“Who am I to judge the state of another person’s soul, how they appear to God?” I cannot know the spiritual condition of anyone or judge them. That is something only God can do. However, we also cannot use the phrase, “Who am I to judge?” as an excuse to avoid making moral judgments as to whether or not an action is in accordance with God’s divine law for, in so doing, we fail to recognize the harm that it does to the person committing the act, to their family, and to society as a whole.

We stop a child from running into the street because we love and care for them. We judge the act of abortion as evil because it is the killing of an innocent child in the womb and it also causes terrible psychological and physical injury to the mother. Abortion harms not only those contributing to the act by their direct or indirect support, but it harms all of us. At its core, it is an extreme evil by which the devil seeks to destroy life created by God.

In the same manner, we must judge murder, pornography, adultery, hatred, and all acts which violate the Ten Commandments, as sinful. This is not only because they are morally wrong, but also because they destroy lives and families, and do great violence to the Kingdom of God.

It Is EASTER: We Share Our Joy and Our Hope

It Is EASTER: We Share Our Joy and Our Hope

The readings from this reflection: Acts 10:34a, 37-43; Psalm 118:1-2, 16-17, 22-23; Col 3:1-4; John 20:1-9


I grew up in a very Catholic and devoted family. I learned to love Jesus, our blessed Mother, the Holy Rosary, and the Church at a very early age. We did a lot of great things together and we enjoyed praying the Stations of the Cross with neighbors and friends. But nothing compares with the hope, the excitement, and the joy of Easter morning. I remember going to Mass with my brothers and sisters early in the morning, exactly at 5:30 a.m. And that is how it is depicted in John’s Gospel: early in the morning, while it was still dark…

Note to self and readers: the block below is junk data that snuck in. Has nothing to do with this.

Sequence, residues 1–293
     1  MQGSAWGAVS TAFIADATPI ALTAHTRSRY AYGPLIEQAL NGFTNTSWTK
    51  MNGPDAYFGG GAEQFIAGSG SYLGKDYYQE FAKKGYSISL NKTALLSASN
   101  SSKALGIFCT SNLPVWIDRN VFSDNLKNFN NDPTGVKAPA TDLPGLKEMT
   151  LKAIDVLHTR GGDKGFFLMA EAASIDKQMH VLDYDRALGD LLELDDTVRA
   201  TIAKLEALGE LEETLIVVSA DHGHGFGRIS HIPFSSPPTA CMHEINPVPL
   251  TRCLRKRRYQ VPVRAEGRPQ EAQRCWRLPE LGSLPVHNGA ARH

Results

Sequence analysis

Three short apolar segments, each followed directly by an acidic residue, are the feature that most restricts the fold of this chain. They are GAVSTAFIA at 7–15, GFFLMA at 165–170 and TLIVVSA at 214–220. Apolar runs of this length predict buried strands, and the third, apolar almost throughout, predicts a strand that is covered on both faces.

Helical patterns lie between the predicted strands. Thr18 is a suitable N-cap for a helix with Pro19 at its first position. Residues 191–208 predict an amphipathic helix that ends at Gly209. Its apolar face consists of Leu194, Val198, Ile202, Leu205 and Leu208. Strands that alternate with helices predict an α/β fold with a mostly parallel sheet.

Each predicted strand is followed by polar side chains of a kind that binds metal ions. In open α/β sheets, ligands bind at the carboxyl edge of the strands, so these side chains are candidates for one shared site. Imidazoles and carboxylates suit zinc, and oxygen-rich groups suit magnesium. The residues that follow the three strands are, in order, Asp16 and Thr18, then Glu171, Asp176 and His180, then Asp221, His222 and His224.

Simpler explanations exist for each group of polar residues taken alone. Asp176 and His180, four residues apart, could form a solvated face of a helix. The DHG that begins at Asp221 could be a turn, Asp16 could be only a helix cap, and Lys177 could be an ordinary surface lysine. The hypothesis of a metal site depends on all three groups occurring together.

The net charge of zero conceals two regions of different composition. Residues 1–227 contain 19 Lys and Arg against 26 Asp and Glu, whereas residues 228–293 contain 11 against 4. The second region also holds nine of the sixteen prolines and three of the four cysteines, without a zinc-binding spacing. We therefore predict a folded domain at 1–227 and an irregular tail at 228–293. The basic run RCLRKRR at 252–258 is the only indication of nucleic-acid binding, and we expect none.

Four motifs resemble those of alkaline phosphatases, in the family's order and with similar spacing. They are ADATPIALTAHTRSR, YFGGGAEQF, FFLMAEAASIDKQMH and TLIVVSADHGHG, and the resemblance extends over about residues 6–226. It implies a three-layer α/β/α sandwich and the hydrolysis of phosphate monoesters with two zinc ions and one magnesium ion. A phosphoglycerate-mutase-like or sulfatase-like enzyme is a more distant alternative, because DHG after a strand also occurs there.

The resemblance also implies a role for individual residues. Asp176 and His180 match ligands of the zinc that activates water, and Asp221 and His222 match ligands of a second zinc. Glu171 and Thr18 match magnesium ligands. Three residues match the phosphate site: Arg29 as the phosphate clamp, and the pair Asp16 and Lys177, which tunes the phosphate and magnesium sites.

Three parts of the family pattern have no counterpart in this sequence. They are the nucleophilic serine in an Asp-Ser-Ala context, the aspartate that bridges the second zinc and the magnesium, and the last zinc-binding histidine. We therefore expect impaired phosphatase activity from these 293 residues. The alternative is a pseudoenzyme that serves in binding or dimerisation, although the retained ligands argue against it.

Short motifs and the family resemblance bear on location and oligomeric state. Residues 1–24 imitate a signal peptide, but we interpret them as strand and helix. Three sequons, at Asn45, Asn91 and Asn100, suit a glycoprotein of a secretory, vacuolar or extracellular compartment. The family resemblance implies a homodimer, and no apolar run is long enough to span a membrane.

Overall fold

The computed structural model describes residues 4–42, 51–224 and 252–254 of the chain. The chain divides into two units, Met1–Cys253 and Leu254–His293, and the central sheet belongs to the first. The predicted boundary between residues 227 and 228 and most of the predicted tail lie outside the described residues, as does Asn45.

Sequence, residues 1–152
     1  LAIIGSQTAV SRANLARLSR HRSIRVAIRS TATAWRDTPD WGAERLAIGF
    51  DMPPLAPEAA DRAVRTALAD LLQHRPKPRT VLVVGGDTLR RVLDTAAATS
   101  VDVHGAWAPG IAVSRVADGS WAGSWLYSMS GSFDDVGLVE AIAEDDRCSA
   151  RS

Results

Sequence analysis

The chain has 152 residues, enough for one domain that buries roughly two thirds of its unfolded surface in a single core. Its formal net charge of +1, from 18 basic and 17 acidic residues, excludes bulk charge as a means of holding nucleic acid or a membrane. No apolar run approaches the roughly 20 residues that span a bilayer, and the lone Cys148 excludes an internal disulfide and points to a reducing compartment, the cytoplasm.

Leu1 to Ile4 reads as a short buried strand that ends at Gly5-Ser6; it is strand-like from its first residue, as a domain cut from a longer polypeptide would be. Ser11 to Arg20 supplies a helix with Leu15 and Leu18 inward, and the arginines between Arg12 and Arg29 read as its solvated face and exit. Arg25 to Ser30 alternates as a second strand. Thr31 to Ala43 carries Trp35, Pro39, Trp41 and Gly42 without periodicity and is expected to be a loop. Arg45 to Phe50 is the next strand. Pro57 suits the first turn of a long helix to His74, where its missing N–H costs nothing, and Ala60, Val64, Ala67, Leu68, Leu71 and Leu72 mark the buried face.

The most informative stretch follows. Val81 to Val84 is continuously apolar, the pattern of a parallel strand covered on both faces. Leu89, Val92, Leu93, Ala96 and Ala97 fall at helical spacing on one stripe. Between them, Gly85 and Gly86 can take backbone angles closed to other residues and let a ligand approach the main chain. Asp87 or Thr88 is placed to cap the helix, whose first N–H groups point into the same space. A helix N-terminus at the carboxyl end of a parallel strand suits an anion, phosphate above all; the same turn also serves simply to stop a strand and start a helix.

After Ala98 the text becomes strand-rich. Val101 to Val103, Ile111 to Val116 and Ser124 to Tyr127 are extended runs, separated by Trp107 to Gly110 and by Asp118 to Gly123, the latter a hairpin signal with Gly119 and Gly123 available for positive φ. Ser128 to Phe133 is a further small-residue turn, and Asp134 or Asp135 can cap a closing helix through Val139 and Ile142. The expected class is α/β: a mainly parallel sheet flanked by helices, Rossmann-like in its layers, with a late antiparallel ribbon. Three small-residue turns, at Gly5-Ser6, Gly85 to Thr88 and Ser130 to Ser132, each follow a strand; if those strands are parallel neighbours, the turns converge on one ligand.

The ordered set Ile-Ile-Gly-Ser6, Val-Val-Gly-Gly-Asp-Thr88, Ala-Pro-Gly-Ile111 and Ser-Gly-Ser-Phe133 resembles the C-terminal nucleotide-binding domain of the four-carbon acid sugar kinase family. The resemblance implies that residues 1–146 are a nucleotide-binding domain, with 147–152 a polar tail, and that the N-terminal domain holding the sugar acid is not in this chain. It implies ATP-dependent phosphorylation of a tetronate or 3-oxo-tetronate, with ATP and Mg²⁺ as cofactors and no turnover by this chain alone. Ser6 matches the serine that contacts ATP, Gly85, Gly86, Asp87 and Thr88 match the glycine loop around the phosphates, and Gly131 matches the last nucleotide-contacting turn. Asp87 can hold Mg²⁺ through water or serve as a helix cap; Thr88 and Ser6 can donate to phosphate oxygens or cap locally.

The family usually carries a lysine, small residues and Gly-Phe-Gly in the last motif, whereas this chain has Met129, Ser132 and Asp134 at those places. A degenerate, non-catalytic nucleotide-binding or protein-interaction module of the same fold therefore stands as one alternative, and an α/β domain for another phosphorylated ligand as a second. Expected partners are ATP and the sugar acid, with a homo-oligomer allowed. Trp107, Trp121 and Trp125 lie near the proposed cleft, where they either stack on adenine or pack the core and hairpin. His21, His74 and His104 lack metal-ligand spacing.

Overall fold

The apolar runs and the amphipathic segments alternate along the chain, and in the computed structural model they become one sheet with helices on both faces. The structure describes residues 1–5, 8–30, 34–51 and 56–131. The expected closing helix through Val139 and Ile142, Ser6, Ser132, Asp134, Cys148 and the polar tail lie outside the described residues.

Early in my life I learned the transforming power of the Resurrection, the biggest event of humanity. I did not learn only to say Happy Easter, I learned the meaning of those words…He was risen for me too!

It Is EASTER: We Share Our Joy and Our Hope

The Significance of Good Friday

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“‘It is finished’; and he bowed his head and handed over his spirit.”

On Good Friday, the entire Church fixes her gaze on the Cross at Calvary. Each member of the Church tries to understand at what cost Christ has won our redemption. In the solemn ceremonies of Good Friday, in the Adoration of the Cross, in the chanting of the ‘Reproaches’, in the reading of the Passion, and in receiving the pre-consecrated Host, we unite ourselves to our Savior, and we contemplate our own death to sin in the Death of our Lord.

The Church – stripped of its ornaments, the altar bare, and with the door of the empty tabernacle standing open – is as if in mourning. In the fourth century the Apostolic Constitutions described this day as a ‘day of mourning, not a day of festive joy,’ and this day was called the ‘Pasch (passage) of the Crucifixion.’

The liturgical observance of this day of Christ’s suffering, crucifixion and death evidently has been in existence from the earliest days of the Church. No Mass is celebrated on this day, but the service of Good Friday is called the Mass of the Presanctified because Communion (in the species of bread) which had already been consecrated on Holy Thursday is given to the people.

Traditionally, the organ is silent from Holy Thursday until the Alleluia at the Easter Vigil, as are all bells or other instruments, the only music during this period being unaccompanied chant.

The omission of the prayer of consecration deepens our sense of loss because Mass throughout the year reminds us of the Lord’s triumph over death, the source of our joy and blessing. The desolate quality of the rites of this day reminds us of Christ’s humiliation and suffering during his Passion. We can see that the parts of the Good Friday service correspond to the divisions of Mass:

  • Liturgy of the Word – reading of the Passion.
  • Intercessory prayers for the Church and the entire world, Christian and non-Christian.
  • Veneration of the Cross
  • Communion, or the ‘Mass of the Pre-Sanctified.’